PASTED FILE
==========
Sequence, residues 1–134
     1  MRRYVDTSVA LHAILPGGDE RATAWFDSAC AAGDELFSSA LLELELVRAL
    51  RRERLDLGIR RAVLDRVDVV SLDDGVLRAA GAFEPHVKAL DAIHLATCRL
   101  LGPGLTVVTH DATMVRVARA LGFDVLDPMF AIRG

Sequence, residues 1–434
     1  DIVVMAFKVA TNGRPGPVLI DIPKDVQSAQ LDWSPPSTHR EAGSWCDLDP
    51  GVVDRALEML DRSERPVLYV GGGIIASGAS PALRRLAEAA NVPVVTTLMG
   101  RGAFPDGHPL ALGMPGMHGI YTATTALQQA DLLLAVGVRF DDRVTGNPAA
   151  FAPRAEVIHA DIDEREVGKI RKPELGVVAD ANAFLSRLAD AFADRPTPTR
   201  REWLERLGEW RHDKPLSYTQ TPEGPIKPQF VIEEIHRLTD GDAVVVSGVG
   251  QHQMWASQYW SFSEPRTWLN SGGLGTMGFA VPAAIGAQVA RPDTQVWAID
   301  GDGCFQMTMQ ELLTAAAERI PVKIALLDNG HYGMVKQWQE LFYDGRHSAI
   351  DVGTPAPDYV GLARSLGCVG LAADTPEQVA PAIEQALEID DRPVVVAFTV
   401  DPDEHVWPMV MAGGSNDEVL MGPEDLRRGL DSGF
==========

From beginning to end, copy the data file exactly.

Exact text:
Sequence, residues 1–134
     1  MRRYVDTSVA LHAILPGGDE RATAWFDSAC AAGDELFSSA LLELELVRAL
    51  RRERLDLGIR RAVLDRVDVV SLDDGVLRAA GAFEPHVKAL DAIHLATCRL
   101  LGPGLTVVTH DATMVRVARA LGFDVLDPMF AIRG

Sequence, residues 1–434
     1  DIVVMAFKVA TNGRPGPVLI DIPKDVQSAQ LDWSPPSTHR EAGSWCDLDP
    51  GVVDRALEML DRSERPVLYV GGGIIASGAS PALRRLAEAA NVPVVTTLMG
   101  RGAFPDGHPL ALGMPGMHGI YTATTALQQA DLLLAVGVRF DDRVTGNPAA
   151  FAPRAEVIHA DIDEREVGKI RKPELGVVAD ANAFLSRLAD AFADRPTPTR
   201  REWLERLGEW RHDKPLSYTQ TPEGPIKPQF VIEEIHRLTD GDAVVVSGVG
   251  QHQMWASQYW SFSEPRTWLN SGGLGTMGFA VPAAIGAQVA RPDTQVWAID
   301  GDGCFQMTMQ ELLTAAAERI PVKIALLDNG HYGMVKQWQE LFYDGRHSAI
   351  DVGTPAPDYV GLARSLGCVG LAADTPEQVA PAIEQALEID DRPVVVAFTV
   401  DPDEHVWPMV MAGGSNDEVL MGPEDLRRGL DSGF